"Michael, Joyce and I were honored to work with the Governor and her team, including Susan Greendyke Lachevre of the State House Art Commission, as well as the MFA to identify the Freeman and Crite works," said Makeeba McCreary. "Both artists hold a special place in the Commonwealth's art landscape and offer a reminder of how powerful the agency is in who tells the story and where it is told. It is wonderful to see these works on view in that hallowed space."

About the artwork:

Black Tie by Robert T. Freeman
: Robert T. Freeman created the "Black-Tie" series in 1981 to highlight the "beauty, elegance, and grace of the Black middle class." The painting that will now hang in the Executive Suite depicts a social gathering of Black people during segregation in America, when they were forced to create their own spaces. The painting is set in a ballroom with women wearing floor length gowns and men wearing tuxedos as they look directly at the viewer. The collective eye contact, with no distinguishable facial expressions, is meant to engage the viewer in a dialogue about belonging.

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Freeman began his career as the Art Director for the Weston Public Schools and later became Artist in Residence at the Noble and Greenough School in Dedham, MA where he remained for 27 years. He also taught drawing and painting at Harvard University. In 1997, he was awarded the Boston University Distinguished Alumni Award from the School of Visual Arts and, in 2020, was named a member of the Boston Arts Commission. He was born in Brooklyn, NY but spent much of his childhood in Ghana. He attended Howard University and Boston University's School of Visual Arts.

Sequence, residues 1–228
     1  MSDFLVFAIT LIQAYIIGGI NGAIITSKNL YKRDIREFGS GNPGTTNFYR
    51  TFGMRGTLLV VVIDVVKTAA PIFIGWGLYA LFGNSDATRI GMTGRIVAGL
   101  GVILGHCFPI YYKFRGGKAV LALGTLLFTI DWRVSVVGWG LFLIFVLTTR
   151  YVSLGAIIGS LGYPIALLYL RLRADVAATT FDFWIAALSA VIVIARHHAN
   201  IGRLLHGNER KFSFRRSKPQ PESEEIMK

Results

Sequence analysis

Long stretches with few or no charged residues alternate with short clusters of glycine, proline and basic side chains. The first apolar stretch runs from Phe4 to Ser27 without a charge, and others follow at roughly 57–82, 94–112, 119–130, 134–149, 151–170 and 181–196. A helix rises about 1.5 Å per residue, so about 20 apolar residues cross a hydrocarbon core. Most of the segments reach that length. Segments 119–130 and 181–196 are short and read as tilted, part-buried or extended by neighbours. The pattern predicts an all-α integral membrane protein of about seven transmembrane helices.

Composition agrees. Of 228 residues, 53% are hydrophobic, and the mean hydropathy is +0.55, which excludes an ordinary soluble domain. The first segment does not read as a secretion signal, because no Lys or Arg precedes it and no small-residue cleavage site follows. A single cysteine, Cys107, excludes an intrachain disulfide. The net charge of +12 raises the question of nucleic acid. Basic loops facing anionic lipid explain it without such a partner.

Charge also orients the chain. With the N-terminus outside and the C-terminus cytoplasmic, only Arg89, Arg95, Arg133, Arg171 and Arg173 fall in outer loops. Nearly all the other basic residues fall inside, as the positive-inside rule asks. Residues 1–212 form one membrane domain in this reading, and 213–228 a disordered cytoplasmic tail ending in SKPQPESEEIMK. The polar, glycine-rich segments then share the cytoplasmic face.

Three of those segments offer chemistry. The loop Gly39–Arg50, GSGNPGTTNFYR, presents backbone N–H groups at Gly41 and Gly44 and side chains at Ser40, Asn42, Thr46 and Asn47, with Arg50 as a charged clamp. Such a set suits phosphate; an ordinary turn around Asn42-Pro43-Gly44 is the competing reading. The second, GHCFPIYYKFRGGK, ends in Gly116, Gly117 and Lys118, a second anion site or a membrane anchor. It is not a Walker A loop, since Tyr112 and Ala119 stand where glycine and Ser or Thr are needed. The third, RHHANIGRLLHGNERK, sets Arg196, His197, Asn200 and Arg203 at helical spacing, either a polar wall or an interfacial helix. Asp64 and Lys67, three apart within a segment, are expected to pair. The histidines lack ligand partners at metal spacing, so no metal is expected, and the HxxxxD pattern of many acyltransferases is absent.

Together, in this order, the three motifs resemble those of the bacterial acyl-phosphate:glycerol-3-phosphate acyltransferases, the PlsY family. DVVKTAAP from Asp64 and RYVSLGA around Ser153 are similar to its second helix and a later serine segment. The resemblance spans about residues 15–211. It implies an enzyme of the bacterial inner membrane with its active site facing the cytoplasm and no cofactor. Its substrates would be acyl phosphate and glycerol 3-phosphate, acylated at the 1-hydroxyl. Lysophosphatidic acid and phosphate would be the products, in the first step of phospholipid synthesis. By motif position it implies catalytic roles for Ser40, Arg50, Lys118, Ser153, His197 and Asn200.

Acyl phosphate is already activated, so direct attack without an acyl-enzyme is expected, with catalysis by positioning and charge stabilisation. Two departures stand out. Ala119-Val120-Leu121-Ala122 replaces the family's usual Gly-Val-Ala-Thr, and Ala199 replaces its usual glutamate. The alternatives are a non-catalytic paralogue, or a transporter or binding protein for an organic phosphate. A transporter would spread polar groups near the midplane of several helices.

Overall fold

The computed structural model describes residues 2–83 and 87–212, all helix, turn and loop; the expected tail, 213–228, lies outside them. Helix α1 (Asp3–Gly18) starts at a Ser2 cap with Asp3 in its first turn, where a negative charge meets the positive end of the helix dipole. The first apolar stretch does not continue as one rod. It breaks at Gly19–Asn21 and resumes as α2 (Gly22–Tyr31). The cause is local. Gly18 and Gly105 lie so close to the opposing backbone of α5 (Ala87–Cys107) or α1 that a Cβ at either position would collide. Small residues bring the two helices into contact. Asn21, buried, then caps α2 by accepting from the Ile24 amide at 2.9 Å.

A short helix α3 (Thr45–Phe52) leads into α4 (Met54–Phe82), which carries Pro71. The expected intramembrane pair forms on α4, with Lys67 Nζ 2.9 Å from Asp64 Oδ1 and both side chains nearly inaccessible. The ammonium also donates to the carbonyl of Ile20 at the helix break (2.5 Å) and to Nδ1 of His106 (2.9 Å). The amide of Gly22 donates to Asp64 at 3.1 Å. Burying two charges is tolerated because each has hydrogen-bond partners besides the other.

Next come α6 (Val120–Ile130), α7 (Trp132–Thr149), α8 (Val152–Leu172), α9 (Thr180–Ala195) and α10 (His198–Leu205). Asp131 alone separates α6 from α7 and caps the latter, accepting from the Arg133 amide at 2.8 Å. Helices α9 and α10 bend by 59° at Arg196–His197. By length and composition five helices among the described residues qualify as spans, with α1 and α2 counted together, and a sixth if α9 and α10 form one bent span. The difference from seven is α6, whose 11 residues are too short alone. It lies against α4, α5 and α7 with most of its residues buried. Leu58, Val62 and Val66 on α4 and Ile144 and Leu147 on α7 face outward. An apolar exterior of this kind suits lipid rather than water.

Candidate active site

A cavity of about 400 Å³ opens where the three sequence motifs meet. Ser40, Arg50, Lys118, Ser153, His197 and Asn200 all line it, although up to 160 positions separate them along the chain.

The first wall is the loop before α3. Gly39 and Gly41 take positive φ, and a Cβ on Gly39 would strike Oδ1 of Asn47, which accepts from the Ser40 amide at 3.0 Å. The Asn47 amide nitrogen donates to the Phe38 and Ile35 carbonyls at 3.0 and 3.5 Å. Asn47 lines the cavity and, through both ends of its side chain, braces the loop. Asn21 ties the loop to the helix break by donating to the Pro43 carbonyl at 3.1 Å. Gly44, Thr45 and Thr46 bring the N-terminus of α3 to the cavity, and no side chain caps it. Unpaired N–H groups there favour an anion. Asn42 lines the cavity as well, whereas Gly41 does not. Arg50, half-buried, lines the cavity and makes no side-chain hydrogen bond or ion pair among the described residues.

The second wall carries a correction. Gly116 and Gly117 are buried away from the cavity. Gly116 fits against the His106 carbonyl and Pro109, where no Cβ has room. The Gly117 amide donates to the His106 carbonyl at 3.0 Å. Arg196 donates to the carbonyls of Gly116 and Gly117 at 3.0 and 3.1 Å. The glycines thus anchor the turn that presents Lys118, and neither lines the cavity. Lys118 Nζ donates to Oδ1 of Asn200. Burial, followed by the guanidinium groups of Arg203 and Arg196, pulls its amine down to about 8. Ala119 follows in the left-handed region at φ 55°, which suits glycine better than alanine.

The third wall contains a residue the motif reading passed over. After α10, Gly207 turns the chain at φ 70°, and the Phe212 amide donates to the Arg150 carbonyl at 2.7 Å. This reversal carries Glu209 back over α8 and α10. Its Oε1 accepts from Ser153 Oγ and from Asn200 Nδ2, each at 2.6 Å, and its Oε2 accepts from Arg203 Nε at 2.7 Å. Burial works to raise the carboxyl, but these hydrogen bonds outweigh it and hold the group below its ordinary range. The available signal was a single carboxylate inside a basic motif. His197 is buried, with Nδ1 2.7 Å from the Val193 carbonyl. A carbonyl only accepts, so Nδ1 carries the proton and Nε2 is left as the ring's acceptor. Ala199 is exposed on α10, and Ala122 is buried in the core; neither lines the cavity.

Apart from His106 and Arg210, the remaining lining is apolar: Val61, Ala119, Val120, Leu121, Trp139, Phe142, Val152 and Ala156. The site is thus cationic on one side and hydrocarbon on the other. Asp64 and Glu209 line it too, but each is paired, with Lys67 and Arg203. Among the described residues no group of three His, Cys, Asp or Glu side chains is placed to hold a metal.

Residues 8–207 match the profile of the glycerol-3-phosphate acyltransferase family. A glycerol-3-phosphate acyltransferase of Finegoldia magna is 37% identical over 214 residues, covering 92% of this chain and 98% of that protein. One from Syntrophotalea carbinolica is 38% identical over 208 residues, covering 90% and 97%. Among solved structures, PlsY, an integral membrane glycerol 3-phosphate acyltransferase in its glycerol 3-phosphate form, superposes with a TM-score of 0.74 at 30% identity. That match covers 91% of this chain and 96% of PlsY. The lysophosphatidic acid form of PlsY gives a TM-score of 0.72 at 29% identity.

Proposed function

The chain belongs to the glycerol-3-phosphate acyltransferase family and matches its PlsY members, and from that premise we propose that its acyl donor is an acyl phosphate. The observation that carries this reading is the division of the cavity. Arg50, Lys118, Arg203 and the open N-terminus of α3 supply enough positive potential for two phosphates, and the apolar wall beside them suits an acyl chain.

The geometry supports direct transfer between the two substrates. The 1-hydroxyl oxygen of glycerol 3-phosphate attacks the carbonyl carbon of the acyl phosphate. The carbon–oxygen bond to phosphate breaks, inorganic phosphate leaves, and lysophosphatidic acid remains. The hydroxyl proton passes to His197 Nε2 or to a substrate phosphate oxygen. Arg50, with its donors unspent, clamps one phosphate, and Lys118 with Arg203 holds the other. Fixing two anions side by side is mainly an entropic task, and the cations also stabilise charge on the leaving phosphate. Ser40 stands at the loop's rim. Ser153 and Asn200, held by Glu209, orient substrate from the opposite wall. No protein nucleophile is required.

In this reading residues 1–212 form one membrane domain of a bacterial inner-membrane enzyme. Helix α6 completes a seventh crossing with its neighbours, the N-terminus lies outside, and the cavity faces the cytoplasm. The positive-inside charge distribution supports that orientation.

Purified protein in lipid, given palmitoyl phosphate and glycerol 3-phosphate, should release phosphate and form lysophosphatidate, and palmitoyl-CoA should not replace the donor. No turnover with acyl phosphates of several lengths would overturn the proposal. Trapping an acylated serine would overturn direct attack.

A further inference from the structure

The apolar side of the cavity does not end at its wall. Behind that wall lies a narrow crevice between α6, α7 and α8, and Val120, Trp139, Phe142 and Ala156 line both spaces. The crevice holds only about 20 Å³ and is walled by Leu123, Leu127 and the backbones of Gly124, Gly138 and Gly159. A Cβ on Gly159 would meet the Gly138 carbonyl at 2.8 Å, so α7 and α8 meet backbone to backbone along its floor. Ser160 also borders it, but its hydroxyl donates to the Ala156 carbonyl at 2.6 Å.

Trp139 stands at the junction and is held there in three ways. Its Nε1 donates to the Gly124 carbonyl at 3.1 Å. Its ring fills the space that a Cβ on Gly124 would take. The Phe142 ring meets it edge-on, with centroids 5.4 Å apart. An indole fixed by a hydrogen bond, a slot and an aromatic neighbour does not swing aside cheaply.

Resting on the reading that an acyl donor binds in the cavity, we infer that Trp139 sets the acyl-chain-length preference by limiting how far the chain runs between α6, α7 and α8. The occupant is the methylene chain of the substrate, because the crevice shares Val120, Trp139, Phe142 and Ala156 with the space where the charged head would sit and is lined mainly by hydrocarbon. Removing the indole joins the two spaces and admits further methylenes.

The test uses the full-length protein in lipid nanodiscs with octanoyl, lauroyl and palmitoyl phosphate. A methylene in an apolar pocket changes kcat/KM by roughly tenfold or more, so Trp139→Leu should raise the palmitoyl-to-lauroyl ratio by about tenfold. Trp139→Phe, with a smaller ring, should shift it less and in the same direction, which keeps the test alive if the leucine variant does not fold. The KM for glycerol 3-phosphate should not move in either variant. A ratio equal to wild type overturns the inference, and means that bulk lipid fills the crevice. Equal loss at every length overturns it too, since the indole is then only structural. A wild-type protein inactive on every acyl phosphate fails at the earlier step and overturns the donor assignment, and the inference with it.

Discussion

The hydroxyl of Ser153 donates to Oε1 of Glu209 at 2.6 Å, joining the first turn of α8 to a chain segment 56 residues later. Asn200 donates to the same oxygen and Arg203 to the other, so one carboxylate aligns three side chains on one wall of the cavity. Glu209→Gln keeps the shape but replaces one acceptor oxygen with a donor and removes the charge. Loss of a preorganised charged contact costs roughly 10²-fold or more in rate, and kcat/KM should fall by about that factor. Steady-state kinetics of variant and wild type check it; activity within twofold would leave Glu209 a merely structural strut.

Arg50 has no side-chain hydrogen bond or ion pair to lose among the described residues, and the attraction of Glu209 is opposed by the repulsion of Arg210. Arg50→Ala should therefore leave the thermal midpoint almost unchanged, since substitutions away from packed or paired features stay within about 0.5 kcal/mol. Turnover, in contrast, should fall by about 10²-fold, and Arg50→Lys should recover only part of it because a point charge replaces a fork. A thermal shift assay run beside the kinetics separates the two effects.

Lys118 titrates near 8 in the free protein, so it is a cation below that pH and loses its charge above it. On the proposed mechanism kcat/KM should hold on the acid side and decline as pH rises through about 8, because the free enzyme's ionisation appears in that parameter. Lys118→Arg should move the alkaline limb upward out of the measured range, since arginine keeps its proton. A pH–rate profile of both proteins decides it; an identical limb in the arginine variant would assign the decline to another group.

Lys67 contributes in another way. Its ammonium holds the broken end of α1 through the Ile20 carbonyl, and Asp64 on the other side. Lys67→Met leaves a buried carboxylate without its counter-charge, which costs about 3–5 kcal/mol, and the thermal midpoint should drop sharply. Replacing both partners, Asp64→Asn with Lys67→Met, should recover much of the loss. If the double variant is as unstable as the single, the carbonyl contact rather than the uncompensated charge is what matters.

"Having my work shown outside the Governor's office is a great honor," said Robert Freeman. "I deeply appreciate the Governor's emphasis on diversifying the art shown in the State House."

At the Tremont Street Car Barns by Allan Rohan Crite: In 1939, Allan Rohan Crite painted "At the Tremont Street Car Barns" to depict Black Americans in their everyday life. In the foreground, there are various Black people in outercoats moving up and down the street — one woman is in a stylish A-line gray coat with a matching skirt and wide-brim hat with red stitching that is blocking her eyes from the viewer. In the background, the viewers can see a two-story brick building with a trolley train entering the scene.

Crite was raised in Roxbury and trained at the School of the Museum of Fine Arts and Harvard University Extension School. He spent most of his career as an illustrator in the Planning Department of the Boston Naval Shipyards. He received the Commonwealth Award from the Mass Cultural Council and the Harvard University Centennial Medal, among other awards. In 1986, the City of Boston dedicated the Allan Rohan Crite Park on Columbus Avenue nearby his former home.